The online media landscape is constantly evolving. Here are five trends to watch in 2015:

1. Mobile. Online consumers are shifting from desktop computers to mobile devices. This is disrupting the digital advertising market. Banner ads are more intrusive and less effective on smaller screens, challenging advertisers to adapt campaigns to suit the new medium. Mobile users are likelier to find their content using apps than browsers, which makes it easier for owners of the apps to track users across devices, and to serve targeted ads directly.

2. Social Media. Social media platforms have become more adept at exploiting their advantages as advertising media, and are attracting a growing share of advertising dollars. All users must log in when using a social media service, whether using a browser or a mobile app, providing information that permits powerful personalization of content. Many websites encourage users to log in using their existing Facebook or Twitter accounts, which increases the data flow. Native advertising is also seamless on social media, appearing as sponsored posts as users scroll down their timelines. Less intrusive ads are more effective ads. When ads appear as part of an endless scroll, it is less critical for advertisers to make sure their content appears “above the fold.”

3. Video. Video will become increasingly integrated in the online experience. The Facebook Auto-Play feature starts a video running when the user scrolls to it. The feature launched in late 2013 for user videos but rapidly rolled out so that advertisers could take advantage of it as well. This has proven to be a very powerful medium. To give one example, Apple’s holiday ad “The Song,” posted seven time the views on Facebook as on YouTube between its December 14 launch and Christmas Day. Not to be outdone, Twitter has just launched its own video feature.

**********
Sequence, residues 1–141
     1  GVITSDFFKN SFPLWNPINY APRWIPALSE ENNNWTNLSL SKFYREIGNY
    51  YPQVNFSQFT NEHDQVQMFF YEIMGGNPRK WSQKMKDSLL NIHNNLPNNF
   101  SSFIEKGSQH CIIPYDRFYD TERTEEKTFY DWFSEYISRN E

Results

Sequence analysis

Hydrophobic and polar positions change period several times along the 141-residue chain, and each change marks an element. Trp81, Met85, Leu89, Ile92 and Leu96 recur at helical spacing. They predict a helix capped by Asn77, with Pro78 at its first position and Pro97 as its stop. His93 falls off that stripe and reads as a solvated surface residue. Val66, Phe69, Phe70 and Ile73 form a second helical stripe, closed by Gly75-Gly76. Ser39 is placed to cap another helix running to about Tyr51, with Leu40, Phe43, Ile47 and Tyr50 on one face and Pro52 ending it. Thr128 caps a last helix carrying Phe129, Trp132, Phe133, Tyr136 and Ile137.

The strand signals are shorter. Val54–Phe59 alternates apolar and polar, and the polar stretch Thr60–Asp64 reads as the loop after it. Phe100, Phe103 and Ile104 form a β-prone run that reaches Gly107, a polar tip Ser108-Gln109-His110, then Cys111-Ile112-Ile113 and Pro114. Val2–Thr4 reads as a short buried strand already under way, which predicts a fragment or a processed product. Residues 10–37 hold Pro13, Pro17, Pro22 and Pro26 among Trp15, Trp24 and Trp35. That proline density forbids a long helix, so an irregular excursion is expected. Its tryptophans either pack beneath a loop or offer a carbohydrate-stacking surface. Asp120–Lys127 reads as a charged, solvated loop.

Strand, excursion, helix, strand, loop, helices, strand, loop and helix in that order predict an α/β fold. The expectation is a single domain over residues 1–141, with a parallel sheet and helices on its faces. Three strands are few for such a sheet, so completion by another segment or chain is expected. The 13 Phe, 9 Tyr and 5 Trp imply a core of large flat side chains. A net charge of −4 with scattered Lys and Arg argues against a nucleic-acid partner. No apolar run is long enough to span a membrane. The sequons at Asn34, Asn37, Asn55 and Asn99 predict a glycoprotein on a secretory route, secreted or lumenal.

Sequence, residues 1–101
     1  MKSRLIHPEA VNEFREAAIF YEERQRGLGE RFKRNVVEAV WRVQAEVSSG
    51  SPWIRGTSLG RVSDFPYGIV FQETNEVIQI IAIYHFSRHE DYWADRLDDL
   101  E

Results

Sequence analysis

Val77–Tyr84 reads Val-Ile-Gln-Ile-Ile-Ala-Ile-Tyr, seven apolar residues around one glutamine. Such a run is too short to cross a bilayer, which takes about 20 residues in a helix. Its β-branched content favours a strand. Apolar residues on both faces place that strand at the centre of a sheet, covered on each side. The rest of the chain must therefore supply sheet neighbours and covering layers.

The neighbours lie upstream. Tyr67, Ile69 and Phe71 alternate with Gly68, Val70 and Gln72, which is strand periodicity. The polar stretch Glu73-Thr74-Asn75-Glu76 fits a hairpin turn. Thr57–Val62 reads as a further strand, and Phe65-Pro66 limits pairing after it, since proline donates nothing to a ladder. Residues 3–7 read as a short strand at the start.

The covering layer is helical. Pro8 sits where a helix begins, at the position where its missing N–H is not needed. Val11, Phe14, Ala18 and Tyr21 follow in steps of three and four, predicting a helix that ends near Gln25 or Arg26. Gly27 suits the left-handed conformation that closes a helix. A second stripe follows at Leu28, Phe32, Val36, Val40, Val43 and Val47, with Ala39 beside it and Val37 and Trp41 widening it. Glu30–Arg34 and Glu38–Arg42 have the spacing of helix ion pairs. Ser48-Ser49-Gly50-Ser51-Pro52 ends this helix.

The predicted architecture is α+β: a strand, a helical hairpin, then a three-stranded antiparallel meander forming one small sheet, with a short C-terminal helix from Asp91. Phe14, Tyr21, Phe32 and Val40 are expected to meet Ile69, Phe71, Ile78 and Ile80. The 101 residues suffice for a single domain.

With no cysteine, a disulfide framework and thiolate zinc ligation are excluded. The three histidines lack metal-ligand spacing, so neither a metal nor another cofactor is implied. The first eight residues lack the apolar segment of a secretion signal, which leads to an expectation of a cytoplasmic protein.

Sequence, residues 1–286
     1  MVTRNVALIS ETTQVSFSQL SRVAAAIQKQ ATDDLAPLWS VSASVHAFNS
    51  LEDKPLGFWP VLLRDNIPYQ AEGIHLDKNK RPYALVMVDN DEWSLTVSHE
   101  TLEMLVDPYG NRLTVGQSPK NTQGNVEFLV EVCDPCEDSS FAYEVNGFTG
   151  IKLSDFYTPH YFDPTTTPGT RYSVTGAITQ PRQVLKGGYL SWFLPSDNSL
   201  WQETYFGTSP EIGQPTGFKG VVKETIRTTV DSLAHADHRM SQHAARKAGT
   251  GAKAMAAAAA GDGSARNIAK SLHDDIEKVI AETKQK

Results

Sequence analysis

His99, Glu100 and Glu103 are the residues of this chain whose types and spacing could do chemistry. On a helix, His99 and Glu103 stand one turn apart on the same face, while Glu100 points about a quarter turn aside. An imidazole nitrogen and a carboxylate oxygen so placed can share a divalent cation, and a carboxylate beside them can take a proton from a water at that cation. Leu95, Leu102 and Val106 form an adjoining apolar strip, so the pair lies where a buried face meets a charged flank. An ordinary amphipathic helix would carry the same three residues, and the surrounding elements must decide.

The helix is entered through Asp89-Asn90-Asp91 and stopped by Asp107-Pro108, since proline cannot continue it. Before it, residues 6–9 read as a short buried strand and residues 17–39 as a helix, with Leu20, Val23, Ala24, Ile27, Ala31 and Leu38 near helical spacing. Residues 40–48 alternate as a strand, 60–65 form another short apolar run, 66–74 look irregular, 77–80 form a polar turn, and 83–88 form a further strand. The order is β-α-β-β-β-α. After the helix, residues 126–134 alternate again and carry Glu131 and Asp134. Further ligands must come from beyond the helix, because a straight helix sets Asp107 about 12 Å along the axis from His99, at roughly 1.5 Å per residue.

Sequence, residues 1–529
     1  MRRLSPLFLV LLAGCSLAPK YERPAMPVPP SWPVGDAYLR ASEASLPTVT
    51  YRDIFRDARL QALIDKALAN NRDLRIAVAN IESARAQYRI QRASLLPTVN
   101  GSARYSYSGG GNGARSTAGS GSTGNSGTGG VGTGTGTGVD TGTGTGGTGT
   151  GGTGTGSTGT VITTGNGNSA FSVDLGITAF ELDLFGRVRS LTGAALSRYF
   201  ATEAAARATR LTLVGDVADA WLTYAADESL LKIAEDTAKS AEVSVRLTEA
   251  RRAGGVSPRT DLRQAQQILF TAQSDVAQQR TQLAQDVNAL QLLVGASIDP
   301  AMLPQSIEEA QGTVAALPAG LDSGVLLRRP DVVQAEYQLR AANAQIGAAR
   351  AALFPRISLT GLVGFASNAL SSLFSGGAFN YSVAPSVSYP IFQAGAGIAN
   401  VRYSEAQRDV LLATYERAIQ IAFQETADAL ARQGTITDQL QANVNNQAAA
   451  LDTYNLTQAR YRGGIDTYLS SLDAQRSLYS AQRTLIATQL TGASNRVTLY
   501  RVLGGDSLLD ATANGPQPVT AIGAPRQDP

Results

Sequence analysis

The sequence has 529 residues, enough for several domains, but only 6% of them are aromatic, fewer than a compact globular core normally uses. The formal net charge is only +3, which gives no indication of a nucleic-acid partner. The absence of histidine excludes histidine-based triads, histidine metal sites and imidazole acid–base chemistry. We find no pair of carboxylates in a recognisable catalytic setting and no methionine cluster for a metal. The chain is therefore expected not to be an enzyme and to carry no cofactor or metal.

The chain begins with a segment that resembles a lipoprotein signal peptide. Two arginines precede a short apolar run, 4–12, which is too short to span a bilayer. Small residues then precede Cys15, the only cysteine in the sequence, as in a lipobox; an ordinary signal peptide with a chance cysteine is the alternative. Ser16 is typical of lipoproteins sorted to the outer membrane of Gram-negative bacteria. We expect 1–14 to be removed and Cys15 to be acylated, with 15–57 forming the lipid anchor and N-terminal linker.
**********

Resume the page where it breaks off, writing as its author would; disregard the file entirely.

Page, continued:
4. YouTube Nation. The market for online content has hit that tipping point at which YouTubers have become real celebrities, with book and endorsement deals, television roles and personal appearances on top of significant advertising revenue. This has spawned an entire ecosystem of multichannel networks (MCNs) that intermediate between YouTube and the creators, providing them with production, ad sales and marketing support in exchange for a share of revenues. The feverish round of MCN investments and acquisitions over the past couple of years suggests that the smart money is looking for continued growth in this arena.

5. The Next Big Thing. YouTube has already redefined what we think of as entertainment content. Millennials are building intensely loyal followings by talking into webcams in their bedrooms. Vine, a platform on which users post six-second videos that play in loops, exploded this year. Top Viners have become genuine celebrities, with brand deals to match. Snapchat, which built its viewership on user-generated videos that self-destruct, is starting to monetize its audience using sponsored videos on its new Snapchat Discover feature. Snapchat is the current Next Big Thing. There will be others.

Just as the growth in online media has shaken up television business models, online media itself is continuing to evolve and mature rapidly. Challenging as it may be, it behooves media professionals of all stripes to keep abreast of developments in this new world.